Holy Moses, I have been deceived.
— Elton John
It was rock and roll poet Paul Simon who noted, “A man hears what he wants to hear, and he disregards the rest.”
I thought about those words recently while listening to a group discuss “the latest idiocy of the Dougherty County School Board.” Their conversation related to recent tribunal hearings for teachers and administrators named in a report prepared by a special panel created by former Gov. Sonny Perdue to investigate possible cheating during the administration of Criterion-Referenced Competency Tests in the Dougherty school system in 2009.
The panel, which included former state Attorney General Mike Bowers, former DeKalb County District Attorney Bob Wilson and investigator Richard Hyde, reported that 49 school officials had been involved in test erasures. Their report included the ominous determination: “What we found was an acceptance of wrongdoing, a pattern of incompetence and a lack of will to correct it.”
Now, with several costly tribunal hearings ending in unanimous recommendations that accused school officials should have their contracts renewed and be allowed to return to their jobs, many are pointing fingers at the School Board.
Why, it appears to be the logic, let something like the facts get in the way of taking another dig at the much-maligned board?
Here, then, a few of those facts:
— The Dougherty School System School Board did not recommend that the accused educators’ contracts be renewed. An independent tribunal with no ties to the system voted, 3-0 in each case, to reverse non-renewal recommendations made by Superintendent Joshua Murfree that had been made based on the CRCT report sent to Gov. Nathan Deal after Deal replaced Perdue in the governor’s office. The School Board will, though, make the ultimate decision on what happens to the impacted educators.
— The tribunal’s recommendations to reverse the contract non-renewals suggested by Murfree were based on evidence presented during the hearings. As one person who took part in that process told me, “The evidence presented often didn’t match what was in the report. For instance, the report said that some (teachers and administrators) ‘admitted’ to cheating, and then after listening to more than two hours of tapes of their interviews, there was never any kind of admission.”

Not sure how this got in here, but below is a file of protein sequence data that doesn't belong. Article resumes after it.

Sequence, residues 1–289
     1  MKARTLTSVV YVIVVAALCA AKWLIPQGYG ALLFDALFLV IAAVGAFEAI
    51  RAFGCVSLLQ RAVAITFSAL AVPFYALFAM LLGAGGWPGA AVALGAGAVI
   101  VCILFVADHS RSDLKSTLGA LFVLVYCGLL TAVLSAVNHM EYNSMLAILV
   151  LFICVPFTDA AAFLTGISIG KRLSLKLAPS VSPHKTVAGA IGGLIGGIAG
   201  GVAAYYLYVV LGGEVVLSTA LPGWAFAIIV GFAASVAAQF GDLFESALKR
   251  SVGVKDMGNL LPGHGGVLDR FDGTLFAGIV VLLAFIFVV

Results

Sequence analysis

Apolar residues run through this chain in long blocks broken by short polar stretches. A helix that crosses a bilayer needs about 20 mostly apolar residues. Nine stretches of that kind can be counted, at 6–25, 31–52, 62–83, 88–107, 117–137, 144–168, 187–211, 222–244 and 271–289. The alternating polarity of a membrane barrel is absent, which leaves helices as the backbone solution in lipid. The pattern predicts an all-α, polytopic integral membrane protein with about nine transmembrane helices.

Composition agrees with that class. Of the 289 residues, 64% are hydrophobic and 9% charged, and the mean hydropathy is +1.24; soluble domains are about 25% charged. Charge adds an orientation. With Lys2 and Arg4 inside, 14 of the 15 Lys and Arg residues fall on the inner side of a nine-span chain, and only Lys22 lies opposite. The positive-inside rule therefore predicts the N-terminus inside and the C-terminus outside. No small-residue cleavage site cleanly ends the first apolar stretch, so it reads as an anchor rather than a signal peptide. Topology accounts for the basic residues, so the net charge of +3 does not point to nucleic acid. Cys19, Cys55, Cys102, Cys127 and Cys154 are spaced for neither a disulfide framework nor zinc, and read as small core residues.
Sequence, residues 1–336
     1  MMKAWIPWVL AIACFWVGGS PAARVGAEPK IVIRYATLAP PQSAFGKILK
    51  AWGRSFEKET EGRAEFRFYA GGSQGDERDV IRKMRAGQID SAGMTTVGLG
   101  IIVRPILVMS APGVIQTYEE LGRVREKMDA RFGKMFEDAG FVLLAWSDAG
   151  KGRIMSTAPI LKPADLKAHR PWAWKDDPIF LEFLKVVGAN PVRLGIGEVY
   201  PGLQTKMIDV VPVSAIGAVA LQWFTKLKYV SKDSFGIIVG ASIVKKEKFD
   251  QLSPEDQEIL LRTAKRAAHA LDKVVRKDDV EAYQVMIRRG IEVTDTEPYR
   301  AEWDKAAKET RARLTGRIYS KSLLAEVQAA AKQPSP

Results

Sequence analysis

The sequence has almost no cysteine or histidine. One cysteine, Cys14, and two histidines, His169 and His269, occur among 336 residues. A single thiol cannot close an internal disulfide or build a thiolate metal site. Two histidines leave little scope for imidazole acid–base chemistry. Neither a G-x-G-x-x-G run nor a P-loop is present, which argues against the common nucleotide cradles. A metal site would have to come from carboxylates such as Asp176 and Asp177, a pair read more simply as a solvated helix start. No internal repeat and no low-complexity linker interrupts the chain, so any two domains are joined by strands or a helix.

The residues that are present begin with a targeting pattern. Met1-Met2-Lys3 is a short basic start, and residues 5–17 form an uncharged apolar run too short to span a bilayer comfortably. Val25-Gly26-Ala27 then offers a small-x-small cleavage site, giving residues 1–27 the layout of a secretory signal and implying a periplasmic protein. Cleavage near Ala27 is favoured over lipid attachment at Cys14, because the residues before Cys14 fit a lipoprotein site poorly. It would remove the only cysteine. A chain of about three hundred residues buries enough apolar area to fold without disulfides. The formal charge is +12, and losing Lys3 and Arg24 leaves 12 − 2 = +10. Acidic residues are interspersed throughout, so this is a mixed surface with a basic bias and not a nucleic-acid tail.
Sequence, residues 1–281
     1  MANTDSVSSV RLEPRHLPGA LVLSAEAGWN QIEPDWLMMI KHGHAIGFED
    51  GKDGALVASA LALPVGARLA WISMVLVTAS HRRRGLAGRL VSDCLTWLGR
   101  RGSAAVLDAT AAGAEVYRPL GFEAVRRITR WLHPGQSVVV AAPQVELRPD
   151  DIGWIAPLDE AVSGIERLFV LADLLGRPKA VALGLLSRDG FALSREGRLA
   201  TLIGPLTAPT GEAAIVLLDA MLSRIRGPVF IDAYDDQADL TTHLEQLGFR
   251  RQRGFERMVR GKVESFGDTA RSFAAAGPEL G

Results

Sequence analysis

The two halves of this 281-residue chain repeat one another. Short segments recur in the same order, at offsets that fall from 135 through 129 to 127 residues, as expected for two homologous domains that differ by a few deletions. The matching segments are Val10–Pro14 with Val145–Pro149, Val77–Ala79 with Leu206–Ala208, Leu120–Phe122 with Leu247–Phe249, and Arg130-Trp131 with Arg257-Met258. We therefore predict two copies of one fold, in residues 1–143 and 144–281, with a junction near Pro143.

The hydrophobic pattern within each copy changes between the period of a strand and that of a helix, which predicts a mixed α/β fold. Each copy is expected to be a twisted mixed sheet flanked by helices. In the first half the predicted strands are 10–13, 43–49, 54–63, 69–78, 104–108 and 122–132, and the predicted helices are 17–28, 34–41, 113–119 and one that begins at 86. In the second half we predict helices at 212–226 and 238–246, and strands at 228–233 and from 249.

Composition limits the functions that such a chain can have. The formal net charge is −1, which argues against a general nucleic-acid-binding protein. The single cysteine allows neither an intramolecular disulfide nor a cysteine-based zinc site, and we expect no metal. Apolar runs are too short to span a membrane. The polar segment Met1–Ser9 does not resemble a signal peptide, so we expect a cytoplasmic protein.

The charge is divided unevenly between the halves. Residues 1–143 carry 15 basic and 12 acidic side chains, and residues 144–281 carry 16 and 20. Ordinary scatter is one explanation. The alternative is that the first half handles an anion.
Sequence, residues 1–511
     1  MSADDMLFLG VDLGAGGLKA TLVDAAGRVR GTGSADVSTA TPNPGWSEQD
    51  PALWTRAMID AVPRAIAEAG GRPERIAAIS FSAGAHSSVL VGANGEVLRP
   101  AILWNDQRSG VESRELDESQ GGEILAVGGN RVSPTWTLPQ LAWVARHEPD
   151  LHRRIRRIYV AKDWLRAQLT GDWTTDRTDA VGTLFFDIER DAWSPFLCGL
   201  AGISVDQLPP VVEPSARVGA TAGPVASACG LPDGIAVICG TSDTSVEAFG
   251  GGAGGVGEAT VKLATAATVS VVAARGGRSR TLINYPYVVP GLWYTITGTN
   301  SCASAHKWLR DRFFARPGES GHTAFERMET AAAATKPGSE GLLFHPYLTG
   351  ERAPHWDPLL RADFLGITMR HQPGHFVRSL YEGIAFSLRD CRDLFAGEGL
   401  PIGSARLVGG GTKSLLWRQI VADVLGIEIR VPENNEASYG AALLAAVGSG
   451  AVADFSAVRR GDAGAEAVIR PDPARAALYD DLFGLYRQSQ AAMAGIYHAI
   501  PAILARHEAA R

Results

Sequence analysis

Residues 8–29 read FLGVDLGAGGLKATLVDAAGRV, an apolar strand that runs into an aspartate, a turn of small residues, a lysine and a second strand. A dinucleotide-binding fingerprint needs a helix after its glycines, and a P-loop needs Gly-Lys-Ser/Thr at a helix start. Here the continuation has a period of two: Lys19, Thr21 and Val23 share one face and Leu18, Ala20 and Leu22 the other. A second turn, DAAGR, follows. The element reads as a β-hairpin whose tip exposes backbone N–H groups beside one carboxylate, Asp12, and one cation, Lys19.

— It turns out most of the “evidence” presented by the investigators amounted to charges of using “facial expressions” and “voice inflection” as intent by teachers (and, to a lesser degree, administrators) to encourage students to change answers.
Like most folks, I was originally stunned that so many school system employees were implicated in the extensive — and expensive — investigation. I, too, wondered if the system had reached a new low.
But after reading reports and talking to people involved in the actual tribunal hearings and finding out the “evidence” used to prove teachers and administrators had indeed cheated during the administration of the standardized tests, I was apalled that — in most cases — there was almost no evidence of actual wrongdoing.
I’m well aware that many people in this community have such low opinions of the school system that few want to be fair when it comes to assessing the system’s troubles. But who thinks it’s right for someone to have their career taken away based primarily on words they might — or might not — have stressed during instructions to students?
That’s particularly worrisome when consideration is given to the fact that many of the accusations came from students too young to understand the ramifications of questions being asked of them. I’d venture a guess that many of the students interviewed gave the answers they thought the investigators wanted to hear, kids’ attempts to please the grown-ups.
No, the outrage over this “scandal” that has rocked the school system for the last year-plus is, for the most part, being misdirected. Instead of railing against the School Board or the accused teachers and administrators, perhaps we should be looking at the motivation of the investigators who came into town looking to find the kind of corruption that was rampant in the Atlanta School System.
Were they motivated by the standby “doing what’s right for the children” — children they didn’t know — or were they justifying the no doubt tens of thousands of dollars they were paid to find corruption in a system that was already under fire?
I don’t know the answer to that question. But I do know it would be a great injustice to strip anyone of his or her livelihood based on evidence as flimsy as voice inflection and facial expression, evidence this all-powerful investigative team used to determine intent.
Instead of damning the School Board or most of the accused school officials, perhaps the community and state — and the children — would be better served by having Messrs. Bowers, Wilson and Hyde justify a hugely expensive report that proved virtually nothing.